Mace is made from the lacy, red outer coating that covers the shell around the nutmeg kernel. Once this coating is removed, it's dried, and can be found and purchased as whole, golden-orange "blades".
Mace is similar to nutmeg in flavor , but more subtle and delicate. Mace could be used in sweeter dishes. But it's often used in spice blends for flavoring meat dishes, stews, curries, savory sauces, homemade pickles, and is a common ingredient in Indian cuisine.
Botanically known as Myristica fragrans, the nutmeg tree originates in Banda, the largest of the Molucca spice islands of Indonesia
In the first century A.D., Roman author Pliny speaks of a tree bearing nuts with two flavors. Emperor Henry VI was said to have the streets of Rome fumigated with nutmegs before his coronation. In the the sixth century, nutmegs were brought by Arab merchants to Constantinople.
When the nutmeg fruit is about to split apart, the fruit is harvested and the fruit’s kernel and seed are separated. Then the kernel is dried in the sunlight and the mace is produced.
This delicate, slightly sweet spice is full of nutrients and minerals which are beneficial to many health conditions.
Nutmeg/Mace is said to be enriched with properties that can detoxify the body from factors like chemical, excess salts, toxins, etc. which can damage liver cells adversely.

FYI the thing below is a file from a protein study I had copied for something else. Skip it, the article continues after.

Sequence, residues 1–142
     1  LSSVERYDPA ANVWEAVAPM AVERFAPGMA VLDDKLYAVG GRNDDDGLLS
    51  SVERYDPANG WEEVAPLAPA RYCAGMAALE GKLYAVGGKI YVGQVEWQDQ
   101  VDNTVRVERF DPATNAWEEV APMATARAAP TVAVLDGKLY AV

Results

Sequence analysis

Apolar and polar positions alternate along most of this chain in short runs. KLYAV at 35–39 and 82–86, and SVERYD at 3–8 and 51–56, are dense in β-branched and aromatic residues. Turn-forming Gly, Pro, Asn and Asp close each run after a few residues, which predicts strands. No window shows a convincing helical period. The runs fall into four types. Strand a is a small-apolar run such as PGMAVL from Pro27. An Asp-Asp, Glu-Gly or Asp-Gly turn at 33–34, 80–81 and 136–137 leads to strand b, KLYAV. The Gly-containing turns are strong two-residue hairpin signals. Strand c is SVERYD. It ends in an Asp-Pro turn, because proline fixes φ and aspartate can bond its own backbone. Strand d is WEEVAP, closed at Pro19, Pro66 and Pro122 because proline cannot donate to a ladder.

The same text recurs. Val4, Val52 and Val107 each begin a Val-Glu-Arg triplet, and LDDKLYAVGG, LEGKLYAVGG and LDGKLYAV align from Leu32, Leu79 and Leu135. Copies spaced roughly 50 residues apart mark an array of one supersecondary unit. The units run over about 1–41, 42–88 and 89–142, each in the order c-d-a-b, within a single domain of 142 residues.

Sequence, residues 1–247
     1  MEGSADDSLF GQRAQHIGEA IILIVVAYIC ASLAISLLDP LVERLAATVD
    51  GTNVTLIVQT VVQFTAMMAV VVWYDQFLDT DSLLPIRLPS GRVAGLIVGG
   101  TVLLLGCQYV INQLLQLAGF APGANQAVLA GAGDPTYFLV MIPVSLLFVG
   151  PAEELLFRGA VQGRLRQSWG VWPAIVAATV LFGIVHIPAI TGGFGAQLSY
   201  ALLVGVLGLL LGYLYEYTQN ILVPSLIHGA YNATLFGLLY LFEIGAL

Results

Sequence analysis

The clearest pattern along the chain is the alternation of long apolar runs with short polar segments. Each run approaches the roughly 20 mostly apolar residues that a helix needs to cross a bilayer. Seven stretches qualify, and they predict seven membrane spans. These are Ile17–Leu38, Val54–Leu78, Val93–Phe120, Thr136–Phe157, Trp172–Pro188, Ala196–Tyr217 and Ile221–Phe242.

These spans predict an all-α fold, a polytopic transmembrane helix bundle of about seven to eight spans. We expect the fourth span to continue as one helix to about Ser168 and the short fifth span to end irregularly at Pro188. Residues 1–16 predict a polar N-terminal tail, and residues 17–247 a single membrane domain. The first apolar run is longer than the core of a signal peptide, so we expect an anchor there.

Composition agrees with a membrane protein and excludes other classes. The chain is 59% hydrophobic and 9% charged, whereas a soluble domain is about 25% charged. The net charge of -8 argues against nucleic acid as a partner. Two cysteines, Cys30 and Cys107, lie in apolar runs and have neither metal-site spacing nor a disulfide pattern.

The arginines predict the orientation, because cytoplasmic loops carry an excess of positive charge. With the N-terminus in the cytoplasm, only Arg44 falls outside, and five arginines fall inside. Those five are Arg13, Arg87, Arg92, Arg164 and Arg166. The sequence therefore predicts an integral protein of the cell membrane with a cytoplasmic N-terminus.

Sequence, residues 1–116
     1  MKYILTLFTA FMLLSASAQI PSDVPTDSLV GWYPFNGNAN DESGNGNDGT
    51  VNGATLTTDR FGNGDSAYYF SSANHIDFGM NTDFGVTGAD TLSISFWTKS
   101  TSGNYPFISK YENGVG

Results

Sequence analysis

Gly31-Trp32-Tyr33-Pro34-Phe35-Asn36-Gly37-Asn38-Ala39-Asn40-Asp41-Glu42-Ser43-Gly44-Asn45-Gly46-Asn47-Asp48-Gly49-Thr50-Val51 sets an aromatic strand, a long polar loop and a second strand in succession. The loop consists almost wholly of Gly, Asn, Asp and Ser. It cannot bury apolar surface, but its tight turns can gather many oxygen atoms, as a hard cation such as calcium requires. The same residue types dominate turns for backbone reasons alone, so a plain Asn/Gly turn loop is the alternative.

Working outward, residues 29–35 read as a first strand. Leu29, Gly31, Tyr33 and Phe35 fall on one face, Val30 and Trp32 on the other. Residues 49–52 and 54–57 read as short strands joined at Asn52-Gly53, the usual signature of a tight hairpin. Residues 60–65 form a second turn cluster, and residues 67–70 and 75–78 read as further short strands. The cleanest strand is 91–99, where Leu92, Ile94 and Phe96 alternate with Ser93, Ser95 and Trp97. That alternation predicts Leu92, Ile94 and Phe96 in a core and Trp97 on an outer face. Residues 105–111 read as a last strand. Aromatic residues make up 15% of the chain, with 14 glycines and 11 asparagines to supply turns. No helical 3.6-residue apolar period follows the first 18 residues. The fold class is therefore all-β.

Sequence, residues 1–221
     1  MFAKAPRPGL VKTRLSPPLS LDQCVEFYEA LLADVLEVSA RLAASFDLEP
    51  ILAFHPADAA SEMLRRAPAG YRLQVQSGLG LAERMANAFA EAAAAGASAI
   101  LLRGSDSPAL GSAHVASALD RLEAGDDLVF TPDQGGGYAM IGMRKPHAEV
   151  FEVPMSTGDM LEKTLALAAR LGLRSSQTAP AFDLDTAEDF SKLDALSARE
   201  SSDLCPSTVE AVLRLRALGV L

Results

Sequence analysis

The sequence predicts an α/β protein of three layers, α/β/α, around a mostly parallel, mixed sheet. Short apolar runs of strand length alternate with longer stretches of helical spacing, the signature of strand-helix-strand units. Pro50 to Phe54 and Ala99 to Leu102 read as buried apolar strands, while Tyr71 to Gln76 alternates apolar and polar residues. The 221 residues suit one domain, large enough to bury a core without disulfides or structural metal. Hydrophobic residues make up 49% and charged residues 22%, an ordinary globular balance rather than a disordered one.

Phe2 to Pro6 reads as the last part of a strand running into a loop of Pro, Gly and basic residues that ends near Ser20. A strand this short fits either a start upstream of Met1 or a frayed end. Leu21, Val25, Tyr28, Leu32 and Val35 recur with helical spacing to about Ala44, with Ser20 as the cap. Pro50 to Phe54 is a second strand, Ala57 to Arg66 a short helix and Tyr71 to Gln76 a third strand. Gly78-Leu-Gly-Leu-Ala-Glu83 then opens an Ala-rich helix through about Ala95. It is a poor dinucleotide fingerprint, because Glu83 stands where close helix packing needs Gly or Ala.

Nutmeg/Mace contains methanol that possesses pain-relieving properties. Which is why including this spice in your diet can reduce the pain associated with wounds and injuries and strains.
Improves kidney health
Nutmeg/Mace is said to be a diuretic in nature and promote proper urination that results in healthy kidneys. Moreover, many studies have proved that adding nutmeg to your food or consuming a pinch of it can help dissolve kidney stones effectively.
Treats anxiety and insomnia
Nutmeg/Mace contains trimyristin, which, as per studies, showed to cause anxiogenic (reducing anxiety) responses. Nutmeg also works as an antidepressant and can help in treating depression. The spice is basically a brain tonic that stimulates your brain. It even helps eliminate mental fatigue and stress and boosts mental activity.
Improves blood circulation
Nutritionists suggest that potassium found in the spice can relax your blood vessels and allow proper blood circulation.
Helps fight acne
Nutmeg/Mace exhibits strong antibacterial and antifungal activities – and this can help treat acne. And then, there is the anti-inflammatory activity of the spice, which can heal inflammation and redness associated with acne.
You can prepare an acne mask by mixing one teaspoon each of nutmeg and honey (for its additional antibacterial properties). Apply the mixture gently to your face. Leave it on for 30 minutes, and wash off with cold water.